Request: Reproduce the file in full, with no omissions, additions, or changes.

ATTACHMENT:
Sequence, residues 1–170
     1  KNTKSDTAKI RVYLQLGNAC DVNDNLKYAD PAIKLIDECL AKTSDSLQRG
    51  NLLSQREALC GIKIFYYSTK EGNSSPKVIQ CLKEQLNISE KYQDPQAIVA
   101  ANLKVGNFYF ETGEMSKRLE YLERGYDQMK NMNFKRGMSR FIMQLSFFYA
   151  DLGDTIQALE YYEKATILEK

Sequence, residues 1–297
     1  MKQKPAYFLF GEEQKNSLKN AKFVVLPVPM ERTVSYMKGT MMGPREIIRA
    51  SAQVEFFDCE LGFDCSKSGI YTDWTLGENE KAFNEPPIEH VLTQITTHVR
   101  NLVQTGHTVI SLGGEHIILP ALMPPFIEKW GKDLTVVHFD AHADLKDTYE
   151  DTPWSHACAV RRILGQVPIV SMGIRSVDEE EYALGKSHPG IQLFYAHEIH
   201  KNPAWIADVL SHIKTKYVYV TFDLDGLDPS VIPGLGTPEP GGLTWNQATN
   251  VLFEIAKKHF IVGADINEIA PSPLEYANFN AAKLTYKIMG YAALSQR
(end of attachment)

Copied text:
Sequence, residues 1–170
     1  KNTKSDTAKI RVYLQLGNAC DVNDNLKYAD PAIKLIDECL AKTSDSLQRG
    51  NLLSQREALC GIKIFYYSTK EGNSSPKVIQ CLKEQLNISE KYQDPQAIVA
   101  ANLKVGNFYF ETGEMSKRLE YLERGYDQMK NMNFKRGMSR FIMQLSFFYA
   151  DLGDTIQALE YYEKATILEK

Sequence, residues 1–297
     1  MKQKPAYFLF GEEQKNSLKN AKFVVLPVPM ERTVSYMKGT MMGPREIIRA
    51  SAQVEFFDCE LGFDCSKSGI YTDWTLGENE KAFNEPPIEH VLTQITTHVR
   101  NLVQTGHTVI SLGGEHIILP ALMPPFIEKW GKDLTVVHFD AHADLKDTYE
   151  DTPWSHACAV RRILGQVPIV SMGIRSVDEE EYALGKSHPG IQLFYAHEIH
   201  KNPAWIADVL SHIKTKYVYV TFDLDGLDPS VIPGLGTPEP GGLTWNQATN
   251  VLFEIAKKHF IVGADINEIA PSPLEYANFN AAKLTYKIMG YAALSQR